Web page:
The Good News About Fukushima

By:  Rebecca Terrell
The Good News About Fukushima

Fukushima Daiichi, the Japanese nuclear reactor damaged in 2011 by a record-breaking earthquake and tsunami, is the subject of much controversy related to fear of nuclear power and fallout, fears based on misconceptions about the safety of atomic energy and the linear no-threshold model.

The only place east of the Rocky Mountains where government officials ever tested atomic weapons in the United States was at a site called the Tatum Salt Dome in Lamar County, Mississippi. On October 22, 1964, the blast from a 5.3 kiloton nuclear bomb named Salmon, detonated 2,700 feet below the Earth's surface, ripped through the landscape in ocean-like waves, running wells dry, and turning area creeks black with silt. The editor of the Hattiesburg American said his office building, located almost 30 miles from the test site, shook for three minutes in the quake. The next day his newspaper ran stories about homes "ramsacked" [sic] by the explosion and citizens concerned about medically harmful fallout. One of them was a Baxterville woman who built a makeshift seismograph by arranging some pecans in a pyramid on her porch steps while wielding an ash-laden cigarette.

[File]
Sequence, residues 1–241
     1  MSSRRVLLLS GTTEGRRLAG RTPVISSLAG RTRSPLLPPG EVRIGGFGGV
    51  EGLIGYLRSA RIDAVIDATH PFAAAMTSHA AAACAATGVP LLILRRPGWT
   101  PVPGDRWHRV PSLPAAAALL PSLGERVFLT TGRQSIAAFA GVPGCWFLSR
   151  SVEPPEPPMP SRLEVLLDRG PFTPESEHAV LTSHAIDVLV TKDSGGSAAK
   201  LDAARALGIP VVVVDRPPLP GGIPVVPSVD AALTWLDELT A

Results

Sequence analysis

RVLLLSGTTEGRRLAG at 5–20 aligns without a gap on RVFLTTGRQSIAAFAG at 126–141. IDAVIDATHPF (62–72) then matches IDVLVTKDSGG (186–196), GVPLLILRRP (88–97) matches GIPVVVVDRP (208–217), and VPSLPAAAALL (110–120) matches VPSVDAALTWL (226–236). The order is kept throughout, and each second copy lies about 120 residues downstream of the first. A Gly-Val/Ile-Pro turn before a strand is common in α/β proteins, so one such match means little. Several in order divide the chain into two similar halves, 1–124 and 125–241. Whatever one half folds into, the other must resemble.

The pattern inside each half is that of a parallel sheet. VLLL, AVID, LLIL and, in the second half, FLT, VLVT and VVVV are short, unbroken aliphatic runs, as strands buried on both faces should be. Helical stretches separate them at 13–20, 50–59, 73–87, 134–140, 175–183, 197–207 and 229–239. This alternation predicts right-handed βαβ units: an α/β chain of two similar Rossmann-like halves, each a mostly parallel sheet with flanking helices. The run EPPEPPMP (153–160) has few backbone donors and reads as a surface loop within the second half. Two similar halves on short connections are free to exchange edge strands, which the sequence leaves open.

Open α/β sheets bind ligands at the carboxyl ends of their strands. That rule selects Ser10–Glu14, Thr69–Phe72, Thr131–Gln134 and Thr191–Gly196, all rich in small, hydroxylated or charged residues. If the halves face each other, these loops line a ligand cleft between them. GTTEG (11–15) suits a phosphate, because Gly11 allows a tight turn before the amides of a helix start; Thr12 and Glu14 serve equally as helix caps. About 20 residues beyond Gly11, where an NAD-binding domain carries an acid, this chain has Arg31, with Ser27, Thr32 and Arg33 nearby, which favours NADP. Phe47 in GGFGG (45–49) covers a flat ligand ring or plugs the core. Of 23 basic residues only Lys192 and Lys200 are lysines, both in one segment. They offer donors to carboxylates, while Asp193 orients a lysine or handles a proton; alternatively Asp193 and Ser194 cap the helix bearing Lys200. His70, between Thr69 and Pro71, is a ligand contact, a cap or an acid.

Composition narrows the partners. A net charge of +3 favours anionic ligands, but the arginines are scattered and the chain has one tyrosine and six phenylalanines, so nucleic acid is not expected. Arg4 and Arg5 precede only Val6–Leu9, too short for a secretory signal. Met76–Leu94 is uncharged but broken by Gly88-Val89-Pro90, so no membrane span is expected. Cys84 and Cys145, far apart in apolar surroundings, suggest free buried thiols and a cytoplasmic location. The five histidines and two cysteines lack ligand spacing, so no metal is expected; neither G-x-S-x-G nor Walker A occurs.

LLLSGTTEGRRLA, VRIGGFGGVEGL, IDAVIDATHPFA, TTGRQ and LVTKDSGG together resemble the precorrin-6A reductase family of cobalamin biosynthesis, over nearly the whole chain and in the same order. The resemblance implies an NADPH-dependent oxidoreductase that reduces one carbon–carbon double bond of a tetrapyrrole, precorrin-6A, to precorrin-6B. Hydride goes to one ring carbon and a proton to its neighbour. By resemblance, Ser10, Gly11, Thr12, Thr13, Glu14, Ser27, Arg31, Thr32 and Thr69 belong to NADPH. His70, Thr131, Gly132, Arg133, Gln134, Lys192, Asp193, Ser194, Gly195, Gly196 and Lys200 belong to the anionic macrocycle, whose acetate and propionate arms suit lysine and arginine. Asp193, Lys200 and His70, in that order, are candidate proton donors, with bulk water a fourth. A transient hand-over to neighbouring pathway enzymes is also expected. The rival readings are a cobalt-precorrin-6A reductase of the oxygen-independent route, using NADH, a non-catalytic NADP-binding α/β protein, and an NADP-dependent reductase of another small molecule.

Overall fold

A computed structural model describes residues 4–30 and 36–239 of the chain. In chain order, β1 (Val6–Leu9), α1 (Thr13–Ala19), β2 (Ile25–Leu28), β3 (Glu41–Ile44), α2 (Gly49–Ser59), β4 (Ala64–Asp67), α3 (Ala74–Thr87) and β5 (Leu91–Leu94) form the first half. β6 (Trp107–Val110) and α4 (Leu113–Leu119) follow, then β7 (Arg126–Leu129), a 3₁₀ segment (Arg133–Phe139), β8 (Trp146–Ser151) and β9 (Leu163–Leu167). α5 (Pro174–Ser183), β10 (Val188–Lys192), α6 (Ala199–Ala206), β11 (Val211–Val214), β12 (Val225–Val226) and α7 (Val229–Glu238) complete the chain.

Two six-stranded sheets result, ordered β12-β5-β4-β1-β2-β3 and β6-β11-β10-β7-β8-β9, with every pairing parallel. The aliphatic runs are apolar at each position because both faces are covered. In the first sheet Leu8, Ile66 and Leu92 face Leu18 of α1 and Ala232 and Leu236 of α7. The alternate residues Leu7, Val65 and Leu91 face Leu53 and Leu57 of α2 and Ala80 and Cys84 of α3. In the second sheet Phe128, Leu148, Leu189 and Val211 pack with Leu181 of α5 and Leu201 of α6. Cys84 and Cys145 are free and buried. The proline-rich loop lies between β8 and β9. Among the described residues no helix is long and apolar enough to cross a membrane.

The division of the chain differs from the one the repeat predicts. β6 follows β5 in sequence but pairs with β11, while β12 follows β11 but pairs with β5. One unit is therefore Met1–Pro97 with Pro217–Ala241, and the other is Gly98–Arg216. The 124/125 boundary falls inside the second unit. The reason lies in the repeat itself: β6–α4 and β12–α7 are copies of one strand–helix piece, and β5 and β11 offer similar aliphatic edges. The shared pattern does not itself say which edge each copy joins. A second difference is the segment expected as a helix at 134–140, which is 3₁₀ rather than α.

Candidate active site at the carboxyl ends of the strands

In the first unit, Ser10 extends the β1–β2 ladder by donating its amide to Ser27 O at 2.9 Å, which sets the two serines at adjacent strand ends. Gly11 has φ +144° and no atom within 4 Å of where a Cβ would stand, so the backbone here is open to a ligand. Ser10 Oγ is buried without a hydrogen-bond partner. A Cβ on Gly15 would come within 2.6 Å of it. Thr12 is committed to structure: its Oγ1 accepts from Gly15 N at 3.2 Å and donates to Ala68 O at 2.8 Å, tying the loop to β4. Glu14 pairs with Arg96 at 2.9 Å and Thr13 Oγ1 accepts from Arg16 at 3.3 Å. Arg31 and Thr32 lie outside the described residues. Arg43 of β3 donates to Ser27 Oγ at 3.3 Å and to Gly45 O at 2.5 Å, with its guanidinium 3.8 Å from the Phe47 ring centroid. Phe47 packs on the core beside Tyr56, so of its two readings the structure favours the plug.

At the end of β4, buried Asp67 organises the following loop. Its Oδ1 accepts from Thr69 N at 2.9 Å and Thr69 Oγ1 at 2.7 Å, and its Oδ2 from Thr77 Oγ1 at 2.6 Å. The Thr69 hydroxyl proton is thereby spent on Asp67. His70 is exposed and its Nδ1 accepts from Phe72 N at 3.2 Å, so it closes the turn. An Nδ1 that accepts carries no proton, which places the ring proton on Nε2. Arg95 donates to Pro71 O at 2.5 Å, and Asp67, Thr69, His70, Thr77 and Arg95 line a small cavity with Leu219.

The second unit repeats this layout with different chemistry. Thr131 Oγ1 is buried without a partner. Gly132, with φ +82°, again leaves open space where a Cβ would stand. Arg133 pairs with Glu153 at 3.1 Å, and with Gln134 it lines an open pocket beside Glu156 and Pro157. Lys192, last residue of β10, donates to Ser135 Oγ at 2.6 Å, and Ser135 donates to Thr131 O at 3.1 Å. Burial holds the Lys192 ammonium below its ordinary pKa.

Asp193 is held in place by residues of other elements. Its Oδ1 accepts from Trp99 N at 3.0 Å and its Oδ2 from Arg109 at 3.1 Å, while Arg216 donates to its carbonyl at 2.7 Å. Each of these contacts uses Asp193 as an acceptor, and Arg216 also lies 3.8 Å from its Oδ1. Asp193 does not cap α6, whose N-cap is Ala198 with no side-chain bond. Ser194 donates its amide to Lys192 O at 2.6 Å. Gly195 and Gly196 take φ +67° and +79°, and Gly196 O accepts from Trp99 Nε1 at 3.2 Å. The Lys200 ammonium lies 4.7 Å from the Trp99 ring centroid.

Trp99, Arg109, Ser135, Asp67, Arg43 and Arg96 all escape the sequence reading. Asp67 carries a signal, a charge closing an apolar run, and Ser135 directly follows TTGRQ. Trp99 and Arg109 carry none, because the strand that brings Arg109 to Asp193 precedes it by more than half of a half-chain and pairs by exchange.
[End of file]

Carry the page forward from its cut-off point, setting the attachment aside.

The irony of her cancer stick is heartrending. She was more concerned with a fabricated fear of radiation than with the real threat she was holding in her hand! In the 1960s the public knew little about long-term health effects of smoking. Today it's common knowledge that smoking causes a plethora of problems such as cancer, heart disease, chronic respiratory illness, and stroke. Yet since the 1960s, public understanding of radiation safety, far from improving, has deteriorated. The average layman looking at this picture today may wince at the cigarette but recoils in horror from the idea of underground nuclear testing.

Fast-forward 50 years since Salmon exploded, and the public is still running scared from outlandish stories of nuclear holocaust. Case in point: Fukushima Daiichi, the Japanese nuclear power plant damaged in 2011 by a record-breaking earthquake and tsunami (shown in photo). A story published as a hoax at the self-styled "news site", is circulating the Internet as a legitimate news story about Fukushima, claiming reactor contents are melting into the Earth and causing underground nuclear explosions. The article includes a map that plots a "Fukushima melt-through point" in the Atlantic Ocean off the southeastern coast of Brazil. It implies that fuel and fallout from the supposed explosions is melting all the way through the Earth. In response to this absurdity, The New American contributor Ed Hiserodt asks:

Can you imagine the contents of a reactor "melting through" the Earth's crust, then the 1,800 miles of mantle, the 1,400 miles of outer core that is on the order of 10,000 degrees Fahrenheit, then 750 miles of inner core that is approximately the same temperature as the surface of the sun? Then you've got to melt your way (against gravity) back up to the Atlantic Ocean. Come now.

But this "China Syndrome" scenario is only one ludicrous point of the story. Equally irrational is the belief that nuclear explosions could take place at the crippled Japanese facility, no matter how bad conditions there may be. It is physically impossible for a nuclear power plant to produce an atomic bomb-like explosion.

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